Mr Joyce wound up last night's interview by saying, "It's easy to sound terribly over idealistic about it, but I am gripped by a sense of public service and I will continue to serve through to 2015." Talk about devaluing the currency. Mr Joyce may be sincere in his view but I doubt he'd find very many supporters on the streets of Falkirk.

Thursday, 8 March 2012

Bravo for Bosoms or "It Takes All Sorts"

It's not very often we get excited about the mail in our household. Bills, pizza leaflets, community council newsletters about the lethal front step at the Post Office. Not stuff to set the pulse racing, to be honest.

There is one exception though. Every couple of months I get the new Bravissimo catalogue. For those of you not familiar with this great institution, Bravissimo is a firm which sells women's underwear. Its speciality is bras for ladies with a fuller bust.

Its arrival is always greeted with delight, particularly by my husband who falls upon it like a long lost friend, settling onto the sofa and reverently smoothing the pages as he nibbles delicately at a ginger nut. This is usually accompanied by wistful sighing in the manner of Adrian Mole's Dad admiring his neighbour Mrs Singh's pretty saris.

I get pretty wistful over it too, mainly because it highlights the poverty of my own underwear collection. I have blogged before about how one of the consequences of being in a long term relationship is that your foundation garments hanging on the washing line begin to resemble dead moles on a fence. Flicking through the Bravissimo catalogue brings me into contact with a way of life I have only ever heard about in the movies. Green bras, orange bras, jungle print bras with mauve trim. I feel like a Morlock that's stumbled across the Eloi picnicking in their smalls.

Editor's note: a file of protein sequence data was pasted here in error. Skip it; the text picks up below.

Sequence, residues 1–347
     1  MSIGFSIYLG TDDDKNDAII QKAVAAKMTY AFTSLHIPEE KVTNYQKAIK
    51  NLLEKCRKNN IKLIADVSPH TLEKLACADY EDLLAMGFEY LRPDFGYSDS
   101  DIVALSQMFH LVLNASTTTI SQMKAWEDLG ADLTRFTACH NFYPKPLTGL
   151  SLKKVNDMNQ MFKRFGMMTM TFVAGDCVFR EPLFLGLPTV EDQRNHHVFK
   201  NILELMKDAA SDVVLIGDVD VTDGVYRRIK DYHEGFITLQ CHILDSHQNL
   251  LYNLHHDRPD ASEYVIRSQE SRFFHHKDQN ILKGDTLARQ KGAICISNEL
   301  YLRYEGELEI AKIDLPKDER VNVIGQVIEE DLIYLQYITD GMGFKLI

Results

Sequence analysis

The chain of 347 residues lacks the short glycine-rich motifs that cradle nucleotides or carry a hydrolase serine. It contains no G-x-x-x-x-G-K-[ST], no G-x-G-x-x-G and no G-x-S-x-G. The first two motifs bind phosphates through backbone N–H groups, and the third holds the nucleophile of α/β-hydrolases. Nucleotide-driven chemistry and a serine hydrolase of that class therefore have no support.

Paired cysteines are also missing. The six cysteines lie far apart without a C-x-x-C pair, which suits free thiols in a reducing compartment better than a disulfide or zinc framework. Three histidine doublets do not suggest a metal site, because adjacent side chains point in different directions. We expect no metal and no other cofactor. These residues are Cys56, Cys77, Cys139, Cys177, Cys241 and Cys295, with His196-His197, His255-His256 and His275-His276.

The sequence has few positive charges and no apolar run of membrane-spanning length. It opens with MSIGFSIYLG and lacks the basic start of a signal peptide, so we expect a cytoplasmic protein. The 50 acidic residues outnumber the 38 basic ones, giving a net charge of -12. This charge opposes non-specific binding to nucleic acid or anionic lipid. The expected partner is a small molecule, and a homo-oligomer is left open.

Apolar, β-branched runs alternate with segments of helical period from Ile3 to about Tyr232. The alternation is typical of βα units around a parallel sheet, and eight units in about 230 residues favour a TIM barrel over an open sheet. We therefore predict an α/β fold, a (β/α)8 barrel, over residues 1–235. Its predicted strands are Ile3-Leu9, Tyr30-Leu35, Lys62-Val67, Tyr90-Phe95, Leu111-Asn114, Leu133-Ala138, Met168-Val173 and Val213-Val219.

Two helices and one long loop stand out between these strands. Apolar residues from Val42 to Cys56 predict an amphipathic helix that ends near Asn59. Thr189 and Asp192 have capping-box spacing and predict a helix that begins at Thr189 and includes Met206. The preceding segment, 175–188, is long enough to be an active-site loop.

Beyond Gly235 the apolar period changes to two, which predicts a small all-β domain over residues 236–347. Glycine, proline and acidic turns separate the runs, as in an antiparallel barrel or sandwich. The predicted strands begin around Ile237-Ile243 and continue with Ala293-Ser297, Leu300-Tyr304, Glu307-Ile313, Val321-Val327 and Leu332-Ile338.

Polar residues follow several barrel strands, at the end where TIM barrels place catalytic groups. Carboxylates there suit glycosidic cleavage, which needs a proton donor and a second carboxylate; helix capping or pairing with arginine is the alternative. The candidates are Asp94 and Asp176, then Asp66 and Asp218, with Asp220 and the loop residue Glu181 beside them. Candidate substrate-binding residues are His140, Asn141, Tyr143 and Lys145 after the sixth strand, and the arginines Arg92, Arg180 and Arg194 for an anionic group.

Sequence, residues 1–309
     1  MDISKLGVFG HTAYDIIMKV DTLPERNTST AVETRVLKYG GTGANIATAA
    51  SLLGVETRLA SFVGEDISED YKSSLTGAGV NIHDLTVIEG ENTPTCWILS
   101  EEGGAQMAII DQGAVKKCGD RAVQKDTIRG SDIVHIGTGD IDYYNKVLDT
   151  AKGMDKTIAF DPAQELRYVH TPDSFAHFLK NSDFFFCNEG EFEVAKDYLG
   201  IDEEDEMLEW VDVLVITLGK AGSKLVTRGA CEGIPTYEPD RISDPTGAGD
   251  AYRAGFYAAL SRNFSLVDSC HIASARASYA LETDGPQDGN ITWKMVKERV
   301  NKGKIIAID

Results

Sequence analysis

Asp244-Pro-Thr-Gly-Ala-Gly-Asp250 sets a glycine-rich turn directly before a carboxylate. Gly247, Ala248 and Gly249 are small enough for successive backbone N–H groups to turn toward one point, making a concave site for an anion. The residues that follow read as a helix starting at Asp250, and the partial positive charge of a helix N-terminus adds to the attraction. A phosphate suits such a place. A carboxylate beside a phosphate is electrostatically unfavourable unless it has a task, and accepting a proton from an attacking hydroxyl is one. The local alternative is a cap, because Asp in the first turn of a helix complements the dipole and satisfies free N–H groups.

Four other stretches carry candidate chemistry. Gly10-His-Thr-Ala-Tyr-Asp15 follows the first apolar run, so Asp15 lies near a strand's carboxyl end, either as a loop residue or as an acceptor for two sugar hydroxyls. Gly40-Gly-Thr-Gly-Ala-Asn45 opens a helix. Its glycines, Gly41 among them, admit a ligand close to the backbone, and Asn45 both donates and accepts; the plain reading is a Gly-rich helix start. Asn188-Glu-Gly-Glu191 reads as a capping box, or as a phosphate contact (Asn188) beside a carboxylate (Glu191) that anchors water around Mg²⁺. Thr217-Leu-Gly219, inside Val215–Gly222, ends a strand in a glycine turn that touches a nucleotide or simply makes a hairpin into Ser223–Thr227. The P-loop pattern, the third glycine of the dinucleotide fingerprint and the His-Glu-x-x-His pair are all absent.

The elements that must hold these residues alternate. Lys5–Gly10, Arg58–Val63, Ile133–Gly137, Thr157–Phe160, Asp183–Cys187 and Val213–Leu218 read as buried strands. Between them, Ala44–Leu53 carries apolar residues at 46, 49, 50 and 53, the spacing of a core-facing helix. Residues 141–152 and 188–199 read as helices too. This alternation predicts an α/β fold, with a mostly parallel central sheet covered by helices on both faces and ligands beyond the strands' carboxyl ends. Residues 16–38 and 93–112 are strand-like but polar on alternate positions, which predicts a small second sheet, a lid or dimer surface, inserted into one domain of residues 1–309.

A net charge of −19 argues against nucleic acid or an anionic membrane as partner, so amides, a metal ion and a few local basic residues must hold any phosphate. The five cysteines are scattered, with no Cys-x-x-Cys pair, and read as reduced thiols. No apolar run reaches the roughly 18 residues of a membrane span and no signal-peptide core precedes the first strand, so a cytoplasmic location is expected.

I'm not entirely sure where this Calvinist (no pun intended) streak about underwear comes from. It may be something to do with the fact that for many years, my choice of bra was extremely limited blessed, or perhaps burdened, as I am with a large bosom.

This wasn't always the case. In my teens my chest could have been described as fair to middling in size. It was possible for example to go out bra-less without closing major routes to non-essential traffic. But then I went to University and drank too much beer and ate too much pizza, and properly matured and then I got pregnant and the result was a bosom like the Hindenberg.

Having seen photos of me when I was younger, my daughter is fascinated by the change in my chest. "Where were they before again Mum? Show me. Up about here?" She also finds it hilarious when a feeble bra fails in its duty and one breast lists to port and the other to starboard, like a boss-eyed sailor.

Fashion can be difficult when you have a big chest. Anything with a shawl collar for example makes me look like I am smuggling asylum seekers. Passers-by look down expecting to see several pairs of feet sticking out from under my coat. Frills make me a dead ringer for the dowager from a Marx Brothers' movie. Either that or Maw Broon.

And coming full circle, there is the problem of finding underwear to fit. Years ago, I flirted briefly with a padded bra. The madness of this is akin to the Michelin man buying a puffa jacket. When discarded it stood proud like the dwelling of some ancient pygmy race. My then five year old nephew saw one once and simply cried, "WHAT IS THAT!?!" eyes wide in terror.

I remember going to be measured for a bra when I was pregnant. The sales assistant sucked her teeth, pursed her lips, raised her eyebrows and said, "We've only one that'll do for you dear. It's called the "Doreen". Of course I cried. Wouldn't you?

It's at times like this that it is tempting to hate one's bosom, a more common state of affairs than you might imagine . Breasts are perhaps the most obvious outward signs of our femaleness and, as such, I think how we feel about them is quite important. It is a shame therefore that many women feel their breasts are too big, or too small, or too low, or too round or not round enough.

I'd say that, where bosoms are concerned, it takes all sorts. Breasts are as individual as the women they belong to. Why should we want them all to look the same? There is no more reason for us to have identical breasts than to have identical faces. You may have a whispered hint of a bosom or a rather more "out there" pair, either way, basically, it's fine. I'm just glad that nowadays I can find a bra that fits.